Several classification tools, such as support vector machines, could also have been used for the purpose of this research. Previous reports support the use of the Random Forest method [53][55], however, future work is necessary to investigate which method is most appropriate to analyze the relationship between visual function and VRQoL. A limitation of the current study is that the Sumi Questionnaire does not include questions about driving. Outside of metropolitan areas like Tokyo, driving is an important feature of daily life, hence this task should be addressed in a future study. Another limitation in the current study is that we have merged the tasks of ‘letters’ and ‘words’ since the questions in these sections are very be similar in content, however, this has not been validated so this should be investigated in future. An important caveat of this study is that the most important VF test locations for different VRQoL tasks may be different in advanced glaucoma patients. A further study should be carried out in a sample of advanced glaucoma patients with a more constricted VF and damage near fixation, because more central areas (near fixation) of the VF could be more important in these patients. Conversely, the same study carried out in an early stage glaucomatous population would also be beneficial, because the deterioration of VRQoL in these patients may be attributed to different location areas of the VF.


In conclusion, we have analyzed the relationship between VF sensitivity and VA, and VRQoL. The Random Forest method takes into account the interrelationships of the data and gives an accurate prediction of VRQoL. Most importantly, the model enables clinicians to better understand patients’ VRQoL based on standard clinical measurements. Furthermore, VF test points critical for different daily tasks and VRQoL were identified. These results will help clinicians to concentrate on these regions when managing patients, and offer appropriate advice if these areas are damaged. These findings should be considered when welfare policy is decided by public administration, such as positioning information boards in a train station, and providing walking guides for the visually disabled. Moreover, this prediction system could be used to estimate VRQoL for the different tasks of daily life for a given patient, using only conventional VA and VF measurements.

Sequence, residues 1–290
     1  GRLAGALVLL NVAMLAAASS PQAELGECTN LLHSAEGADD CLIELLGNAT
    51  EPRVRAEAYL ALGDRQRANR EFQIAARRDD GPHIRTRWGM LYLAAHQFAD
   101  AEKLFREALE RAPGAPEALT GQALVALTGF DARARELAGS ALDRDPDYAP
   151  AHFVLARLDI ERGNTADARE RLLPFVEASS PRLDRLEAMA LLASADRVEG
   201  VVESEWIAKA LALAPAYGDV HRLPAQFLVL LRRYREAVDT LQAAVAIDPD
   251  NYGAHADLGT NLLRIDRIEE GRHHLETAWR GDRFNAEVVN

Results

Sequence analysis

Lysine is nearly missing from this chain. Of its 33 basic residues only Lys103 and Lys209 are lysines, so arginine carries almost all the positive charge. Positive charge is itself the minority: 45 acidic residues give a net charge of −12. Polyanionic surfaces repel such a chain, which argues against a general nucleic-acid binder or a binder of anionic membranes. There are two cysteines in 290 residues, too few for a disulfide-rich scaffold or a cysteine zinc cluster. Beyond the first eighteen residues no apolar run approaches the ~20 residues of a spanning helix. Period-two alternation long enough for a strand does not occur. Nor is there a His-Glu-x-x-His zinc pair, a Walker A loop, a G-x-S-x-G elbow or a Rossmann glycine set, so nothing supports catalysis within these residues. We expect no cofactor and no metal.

Supporting Information

Table S1.

The rank of the importance of integrated visual field (IVF) test points, visual acuities of better and worse eyes, gender and age. The numbers represent the IVF test point locations (see Figure 1). VA (worse-eye): visual acuity of the eye with worse mean deviation (MD) and VA (better-eye): visual acuity of the eye with better MD.


Author Contributions

Gave advice from the viewpoint of glaucoma specialist: YA KS M. Aihara CM M. Araie. Conceived and designed the experiments: RA HM. Performed the experiments: HH RA HM. Analyzed the data: HM RA. Contributed reagents/materials/analysis tools: HM RA HH. Wrote the paper: HM RA.